Fact Check: McCain, Obama Err, Stretch Truth

As Sens. John McCain, R-Ariz., and Barack Obama, D-Ill., engaged in their first one-on-one presidential debate Friday evening, ABC News looked into their claims and found they were not always entirely accurate.

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Claim: Obama said he "pays for every dime" of his spending proposals.

Fact: The nonpartisan Tax Policy Center says that Obama's policies would increase the debt by $3.5 trillion over 10 years. The Tax Policy Center adds that McCain's policies would lead to an even bigger increase in the debt of $5.1 trillion.

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Claim: Obama said that McCain "wanted to give oil companies another $4 billion."

Fact: McCain's tax proposal would give tax breaks to all corporations, not just oil companies. His proposal seeks to lower the corporate tax rate 10 percent.

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Claim: Obama said "if you make less than $250,000 -- less than a quarter-million dollars a year -- then you will not see one dime's worth of tax increase."

Fact: Obama has called for higher taxes on income, capital gains and dividends for individuals making $200,000 per year. His tax plan imposes higher taxes on couples starting at $250,000 a year.

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Claim: McCain suggested Adm. Mike Mullen called Obama's Iraq withdrawal plan "dangerous." Obama said, "That's not the case."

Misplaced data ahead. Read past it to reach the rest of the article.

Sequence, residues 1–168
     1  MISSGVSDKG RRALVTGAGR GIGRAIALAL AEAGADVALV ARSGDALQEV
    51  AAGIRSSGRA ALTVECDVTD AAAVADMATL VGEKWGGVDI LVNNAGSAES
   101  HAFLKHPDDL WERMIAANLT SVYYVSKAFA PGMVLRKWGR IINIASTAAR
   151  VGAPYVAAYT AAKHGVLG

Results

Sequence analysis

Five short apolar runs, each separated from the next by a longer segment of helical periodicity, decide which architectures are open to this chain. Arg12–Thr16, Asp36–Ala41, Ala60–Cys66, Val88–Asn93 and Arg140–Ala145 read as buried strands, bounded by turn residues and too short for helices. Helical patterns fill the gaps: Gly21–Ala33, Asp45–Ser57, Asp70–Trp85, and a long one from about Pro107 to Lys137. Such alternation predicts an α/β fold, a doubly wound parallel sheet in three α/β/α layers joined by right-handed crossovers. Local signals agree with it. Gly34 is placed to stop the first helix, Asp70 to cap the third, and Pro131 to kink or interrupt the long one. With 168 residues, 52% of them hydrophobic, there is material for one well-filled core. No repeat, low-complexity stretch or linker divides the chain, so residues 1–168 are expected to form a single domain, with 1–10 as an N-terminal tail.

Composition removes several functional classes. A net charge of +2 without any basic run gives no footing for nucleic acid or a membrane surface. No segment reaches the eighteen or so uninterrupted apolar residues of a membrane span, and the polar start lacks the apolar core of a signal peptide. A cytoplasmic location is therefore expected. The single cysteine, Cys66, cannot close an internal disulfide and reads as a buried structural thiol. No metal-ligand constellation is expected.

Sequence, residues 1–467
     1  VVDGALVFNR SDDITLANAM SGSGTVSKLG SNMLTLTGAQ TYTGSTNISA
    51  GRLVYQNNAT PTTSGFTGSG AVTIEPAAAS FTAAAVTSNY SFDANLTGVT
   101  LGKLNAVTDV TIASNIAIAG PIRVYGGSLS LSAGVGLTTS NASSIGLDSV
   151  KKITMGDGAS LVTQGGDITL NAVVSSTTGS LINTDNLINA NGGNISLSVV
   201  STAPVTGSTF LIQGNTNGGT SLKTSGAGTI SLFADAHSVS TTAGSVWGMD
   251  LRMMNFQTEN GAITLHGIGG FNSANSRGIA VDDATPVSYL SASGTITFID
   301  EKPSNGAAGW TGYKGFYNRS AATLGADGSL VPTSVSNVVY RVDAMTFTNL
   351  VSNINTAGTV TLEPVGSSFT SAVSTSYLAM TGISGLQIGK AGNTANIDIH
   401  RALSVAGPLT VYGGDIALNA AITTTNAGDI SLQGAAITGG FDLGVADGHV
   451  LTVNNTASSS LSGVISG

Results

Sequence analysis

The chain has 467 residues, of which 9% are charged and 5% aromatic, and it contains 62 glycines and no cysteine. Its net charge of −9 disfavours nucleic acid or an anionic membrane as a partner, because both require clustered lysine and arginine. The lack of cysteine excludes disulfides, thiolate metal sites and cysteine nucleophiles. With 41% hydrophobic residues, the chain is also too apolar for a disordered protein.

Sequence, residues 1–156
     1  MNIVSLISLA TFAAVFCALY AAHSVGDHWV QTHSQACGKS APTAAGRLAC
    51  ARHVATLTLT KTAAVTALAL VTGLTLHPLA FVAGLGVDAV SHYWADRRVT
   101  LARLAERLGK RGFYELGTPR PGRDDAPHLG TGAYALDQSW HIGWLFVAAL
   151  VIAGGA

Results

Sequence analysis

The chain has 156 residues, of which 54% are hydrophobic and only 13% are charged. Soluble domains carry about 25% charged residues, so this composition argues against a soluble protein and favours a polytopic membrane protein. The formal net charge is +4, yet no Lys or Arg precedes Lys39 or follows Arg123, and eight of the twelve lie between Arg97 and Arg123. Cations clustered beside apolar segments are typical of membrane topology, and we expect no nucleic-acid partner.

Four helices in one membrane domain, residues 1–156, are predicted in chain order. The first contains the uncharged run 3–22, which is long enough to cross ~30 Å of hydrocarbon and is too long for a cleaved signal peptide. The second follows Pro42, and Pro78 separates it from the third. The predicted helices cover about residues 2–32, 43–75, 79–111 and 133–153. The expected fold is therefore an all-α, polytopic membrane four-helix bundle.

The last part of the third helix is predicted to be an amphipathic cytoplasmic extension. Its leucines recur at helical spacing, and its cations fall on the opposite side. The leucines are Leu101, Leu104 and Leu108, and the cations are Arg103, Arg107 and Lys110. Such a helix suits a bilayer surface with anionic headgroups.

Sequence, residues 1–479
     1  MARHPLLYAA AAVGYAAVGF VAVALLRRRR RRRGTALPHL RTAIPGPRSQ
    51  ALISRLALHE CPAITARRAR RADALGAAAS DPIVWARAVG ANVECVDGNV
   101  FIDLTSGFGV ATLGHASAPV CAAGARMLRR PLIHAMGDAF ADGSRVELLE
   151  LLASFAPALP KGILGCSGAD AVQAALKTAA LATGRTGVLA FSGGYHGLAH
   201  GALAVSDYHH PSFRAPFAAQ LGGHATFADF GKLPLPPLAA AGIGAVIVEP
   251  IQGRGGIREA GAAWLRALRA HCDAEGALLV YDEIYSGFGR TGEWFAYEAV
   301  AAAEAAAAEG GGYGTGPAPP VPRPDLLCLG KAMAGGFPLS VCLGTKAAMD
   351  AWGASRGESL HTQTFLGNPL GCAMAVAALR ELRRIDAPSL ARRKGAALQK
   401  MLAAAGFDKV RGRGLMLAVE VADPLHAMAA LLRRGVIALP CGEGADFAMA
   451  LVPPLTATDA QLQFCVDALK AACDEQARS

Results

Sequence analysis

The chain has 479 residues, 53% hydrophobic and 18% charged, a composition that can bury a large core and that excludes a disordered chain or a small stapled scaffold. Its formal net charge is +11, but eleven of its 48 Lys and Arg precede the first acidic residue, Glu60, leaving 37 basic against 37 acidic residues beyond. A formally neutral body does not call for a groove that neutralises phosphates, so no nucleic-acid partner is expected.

Fact: On "Fox News Sunday," Mullen was asked by Chris Wallace if setting a timeline for withdrawal along the lines of Obama's plan "could be dangerous." Mullen told Chris Wallace, "I think the consequences could be very dangerous in that regard."

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Claim: McCain began tonight's debate by expressing his concerns for Ted Kennedy "who is now in the hospital."

Fact: While Ted Kennedy did go to the hospital briefly today for a minor seizure, the Kennedy family released a statement an hour before the debate began saying he was back at home, doing well and watching the debate.

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Claim: McCain said Gen. Dwight Eisenhower wrote a resignation letter the night before the Normandy invasion in World War II.

Fact: Eisenhower wrote a letter taking full responsibility for the consequences of the invasion, but did not write a letter of resignation, according to the National Archives. See the letter here.

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Claim: McCain said Obama voted for a tax increase on people who make $42,000 per year.

Fact: Obama voted "yes" on a Senate budget resolution that would raise the tax rate from 25 percent to 28 percent for single wage earners making $42,000 or more. However, budget resolutions are non-binding and do not affect tax rates.

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Claim: McCain said he'd been criticized because he "called for the resignation of the chairman of the Securities and Exchange Commission."

Fact: McCain has been criticized in part for saying to reporters last Thursday, "If I were president today, I would fire him" -- something the president technically cannot do because the SEC is an independent agency.

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Claim: McCain said that Obama did not understand that Pakistan was a "failed state" when Gen. Pervez Musharraf came to power.

Fact: Musharraf came to power in a military coup in 1999, deposing Prime Minister Nawaz Sharif. The institutions of government never stopped functioning.

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Claim: Both men talked about the Iranian "Republican Guard."

Fact: There is no Iranian Republican Guard. The group branded a terrorist group by the U.S. government is the Iranian Revolutionary Guard.

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